Travel is both exciting and expensive. One of the worst things that could happen while on a great adventure is fall ill.
If you are travelling in sophisticated, developed places then you should not have trouble obtaining care. If you are out in the wild doing an eco-vacation your options may be limited.
As travel grows in popularity, more travel companies arrange and include travel medical insurance in their packages. I am a strong believer in having travel insurance. I have had occasional difficulty getting certain benefits, but a little persistence can pay off.
Arranging medical evacuation from a third world company can be quite a feat to accomplish, having experienced experts do the work for you just makes good sense.
Hopefully, you will not experience much more than airsickness, traveller’s diarrhoea, or an upper respiratory infection. Your travel medical kit should contain adequate amounts of any medications you regularly take in the properly labelled bottles.
A prescription for Cipro with instructions for how to take it can save the day during an episode of severe diarrhoea.
Sulfamethoxazole/Trimethoprim (Septra or Bactrim) for a urinary tract infection or an upper respiratory infection is also useful. Your personal physician, a company physician, or someone who specialises in travel medicine should be happy to accommodate these requests.
You should also have some over the counter medications for simple things. Some loperamide (Imodium) can help with diarrhoea. I always take some Pepto-Bismol or its equivalent as well.
A simple decongestant, something simple for sleep, usually some diphenhydramine (Benadryl).
If you are sensitive to bee stings or other insect bites, then, by all means, carry an Epi-Pen which in remote area’s can be life saving. A simple first-aid kit or a travel kit (available from the Red Cross) is essential.
If you are planning to travel Australia or New Zealand, you will only have to use the same judgment you would exercise travelling in the US or in Western Europe.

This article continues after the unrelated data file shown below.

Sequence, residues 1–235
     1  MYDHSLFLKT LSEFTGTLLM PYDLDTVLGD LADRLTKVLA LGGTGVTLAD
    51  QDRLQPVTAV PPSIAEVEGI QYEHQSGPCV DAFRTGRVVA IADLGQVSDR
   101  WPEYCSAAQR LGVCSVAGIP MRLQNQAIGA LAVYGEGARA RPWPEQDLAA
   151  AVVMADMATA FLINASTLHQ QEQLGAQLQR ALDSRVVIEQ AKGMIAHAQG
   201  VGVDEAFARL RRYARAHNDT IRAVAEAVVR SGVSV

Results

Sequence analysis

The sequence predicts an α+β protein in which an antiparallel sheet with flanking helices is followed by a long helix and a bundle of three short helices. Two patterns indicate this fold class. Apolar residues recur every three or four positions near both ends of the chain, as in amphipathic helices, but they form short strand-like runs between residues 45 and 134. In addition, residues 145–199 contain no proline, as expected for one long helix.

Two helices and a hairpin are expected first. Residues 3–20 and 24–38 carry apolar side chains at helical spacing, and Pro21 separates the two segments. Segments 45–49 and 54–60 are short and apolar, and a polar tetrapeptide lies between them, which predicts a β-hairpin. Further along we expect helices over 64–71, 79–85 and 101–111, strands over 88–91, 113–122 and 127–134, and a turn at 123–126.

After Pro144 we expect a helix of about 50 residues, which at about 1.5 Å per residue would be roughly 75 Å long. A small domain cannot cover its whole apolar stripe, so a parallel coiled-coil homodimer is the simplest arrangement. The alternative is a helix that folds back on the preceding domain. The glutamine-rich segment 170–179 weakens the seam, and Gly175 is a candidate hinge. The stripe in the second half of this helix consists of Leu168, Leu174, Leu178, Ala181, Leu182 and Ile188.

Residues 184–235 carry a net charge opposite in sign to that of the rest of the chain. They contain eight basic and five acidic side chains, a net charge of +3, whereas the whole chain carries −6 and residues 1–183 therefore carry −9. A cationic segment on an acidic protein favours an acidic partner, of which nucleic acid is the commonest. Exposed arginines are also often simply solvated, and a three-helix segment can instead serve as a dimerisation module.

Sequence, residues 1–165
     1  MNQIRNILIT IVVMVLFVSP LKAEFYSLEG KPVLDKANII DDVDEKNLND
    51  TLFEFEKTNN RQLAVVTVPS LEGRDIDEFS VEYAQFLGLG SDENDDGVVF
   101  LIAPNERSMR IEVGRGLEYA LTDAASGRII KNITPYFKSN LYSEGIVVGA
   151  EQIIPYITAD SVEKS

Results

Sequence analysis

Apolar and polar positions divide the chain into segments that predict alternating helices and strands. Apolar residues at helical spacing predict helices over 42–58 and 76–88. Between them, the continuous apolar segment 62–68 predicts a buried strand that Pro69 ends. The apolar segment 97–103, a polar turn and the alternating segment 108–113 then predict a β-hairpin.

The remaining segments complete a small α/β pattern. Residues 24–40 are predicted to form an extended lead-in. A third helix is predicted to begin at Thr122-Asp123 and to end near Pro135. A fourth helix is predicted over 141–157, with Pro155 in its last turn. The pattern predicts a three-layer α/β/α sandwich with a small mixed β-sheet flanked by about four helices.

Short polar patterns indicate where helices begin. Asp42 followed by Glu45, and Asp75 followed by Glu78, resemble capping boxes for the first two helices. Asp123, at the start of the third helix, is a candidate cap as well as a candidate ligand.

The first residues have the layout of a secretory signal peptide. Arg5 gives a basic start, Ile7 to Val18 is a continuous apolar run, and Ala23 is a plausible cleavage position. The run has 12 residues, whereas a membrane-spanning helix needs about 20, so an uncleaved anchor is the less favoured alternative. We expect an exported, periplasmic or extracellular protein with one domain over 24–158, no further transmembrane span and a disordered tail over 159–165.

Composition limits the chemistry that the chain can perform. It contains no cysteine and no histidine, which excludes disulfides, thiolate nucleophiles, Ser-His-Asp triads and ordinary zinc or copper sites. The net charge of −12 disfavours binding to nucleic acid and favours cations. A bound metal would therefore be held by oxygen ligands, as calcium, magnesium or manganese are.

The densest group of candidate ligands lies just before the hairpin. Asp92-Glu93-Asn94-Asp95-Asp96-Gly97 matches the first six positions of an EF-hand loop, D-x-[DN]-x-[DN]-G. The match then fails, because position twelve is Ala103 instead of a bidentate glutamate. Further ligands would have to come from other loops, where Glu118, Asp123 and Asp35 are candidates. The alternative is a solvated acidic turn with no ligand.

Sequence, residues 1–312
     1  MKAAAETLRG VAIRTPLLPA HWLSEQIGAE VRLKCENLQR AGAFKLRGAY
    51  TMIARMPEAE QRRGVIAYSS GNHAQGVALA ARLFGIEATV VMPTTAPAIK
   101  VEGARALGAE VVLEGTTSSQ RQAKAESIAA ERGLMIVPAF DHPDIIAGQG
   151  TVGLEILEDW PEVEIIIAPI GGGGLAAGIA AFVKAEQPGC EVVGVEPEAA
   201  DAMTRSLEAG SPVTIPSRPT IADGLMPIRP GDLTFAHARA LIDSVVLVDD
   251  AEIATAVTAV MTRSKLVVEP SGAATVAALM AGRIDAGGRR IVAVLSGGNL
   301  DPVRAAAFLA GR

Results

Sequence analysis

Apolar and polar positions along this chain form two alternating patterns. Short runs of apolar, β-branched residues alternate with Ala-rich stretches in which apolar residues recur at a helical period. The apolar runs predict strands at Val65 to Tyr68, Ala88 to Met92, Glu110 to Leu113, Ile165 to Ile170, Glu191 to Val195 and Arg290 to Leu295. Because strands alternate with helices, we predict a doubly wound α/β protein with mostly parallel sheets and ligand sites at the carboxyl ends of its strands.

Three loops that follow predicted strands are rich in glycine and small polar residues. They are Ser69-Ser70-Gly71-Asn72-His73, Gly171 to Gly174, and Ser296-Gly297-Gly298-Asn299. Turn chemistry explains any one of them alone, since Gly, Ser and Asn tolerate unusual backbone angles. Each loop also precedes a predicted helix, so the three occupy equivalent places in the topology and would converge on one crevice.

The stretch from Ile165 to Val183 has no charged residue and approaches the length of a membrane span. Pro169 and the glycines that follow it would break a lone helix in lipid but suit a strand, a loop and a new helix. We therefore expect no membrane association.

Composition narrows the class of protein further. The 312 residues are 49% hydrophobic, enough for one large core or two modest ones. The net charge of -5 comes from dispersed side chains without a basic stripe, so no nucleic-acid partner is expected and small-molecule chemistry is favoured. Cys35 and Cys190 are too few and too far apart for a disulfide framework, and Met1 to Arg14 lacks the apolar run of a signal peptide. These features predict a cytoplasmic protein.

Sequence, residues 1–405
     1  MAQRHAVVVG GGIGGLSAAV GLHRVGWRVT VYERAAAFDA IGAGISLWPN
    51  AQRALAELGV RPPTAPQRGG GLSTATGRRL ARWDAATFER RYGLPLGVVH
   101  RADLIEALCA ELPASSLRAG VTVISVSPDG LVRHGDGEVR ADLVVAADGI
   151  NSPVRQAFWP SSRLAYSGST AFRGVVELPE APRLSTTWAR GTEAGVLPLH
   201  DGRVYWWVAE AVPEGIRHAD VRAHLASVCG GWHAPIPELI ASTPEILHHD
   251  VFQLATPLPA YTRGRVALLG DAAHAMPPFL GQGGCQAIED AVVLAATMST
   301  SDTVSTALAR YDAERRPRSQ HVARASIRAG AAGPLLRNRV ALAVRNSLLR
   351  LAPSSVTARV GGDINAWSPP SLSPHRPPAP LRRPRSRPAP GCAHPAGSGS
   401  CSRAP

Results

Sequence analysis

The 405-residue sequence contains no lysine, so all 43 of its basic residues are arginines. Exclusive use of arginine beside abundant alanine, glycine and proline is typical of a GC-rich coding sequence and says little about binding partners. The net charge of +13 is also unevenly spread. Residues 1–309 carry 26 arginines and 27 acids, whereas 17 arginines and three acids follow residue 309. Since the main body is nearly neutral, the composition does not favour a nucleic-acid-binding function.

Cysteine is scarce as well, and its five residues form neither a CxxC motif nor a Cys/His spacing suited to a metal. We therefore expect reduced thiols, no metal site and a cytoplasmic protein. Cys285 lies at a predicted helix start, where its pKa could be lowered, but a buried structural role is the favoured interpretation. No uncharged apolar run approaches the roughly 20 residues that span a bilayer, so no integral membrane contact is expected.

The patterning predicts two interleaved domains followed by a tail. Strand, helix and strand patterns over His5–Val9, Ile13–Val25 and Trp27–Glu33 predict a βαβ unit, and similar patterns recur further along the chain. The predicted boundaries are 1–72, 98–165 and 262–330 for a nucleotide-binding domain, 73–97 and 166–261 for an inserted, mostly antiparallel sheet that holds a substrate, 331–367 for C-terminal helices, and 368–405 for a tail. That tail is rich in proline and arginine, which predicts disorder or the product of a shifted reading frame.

Plan Your Vaccinations In Advance !
It can be more of a challenge to “Stay Healthy When Traveling” if your plans include more tropical climates such as Vietnam or South East Asia, you need to do some further preparation. Vaccinations /immunisations are essential. Make sure you are up to date on all the routine vaccinations well before any trip, usually 5-6 weeks.
Hepatitis A and B immunisations are also important. Hepatitis B is recommended for long term travellers, people with chronic conditions, older people, healthcare workers, and people who participate in high-risk activities (such as injection drug use, local tattoos, and unprotected sex).
Hepatitis B requires a minimum of 8 months, as it is a 3 dose series of shots.
Immunisations for typhoid, rabies, and Japanese encephalitis should also be taken.
These immunisations have no hidden evil side effects and you should err on the side of taking them unnecessarily than avoiding them. Better safe than sorry.
A good insect repellent such as DEET is essential; DEET is effective in repelling mosquitoes. Malaria or Dengue Fever is a common disease in South East Asia the South Pacific and Northern Australia, and you may need to take prescription medicine to prevent malaria.
You should discuss your travel plans with an experienced travel agent or a physician who specialises in travel medicine. Most cities and medium to large medical communities have MDs who specialise in this area.
Plan ahead, Stay Safe, and enjoy your trip.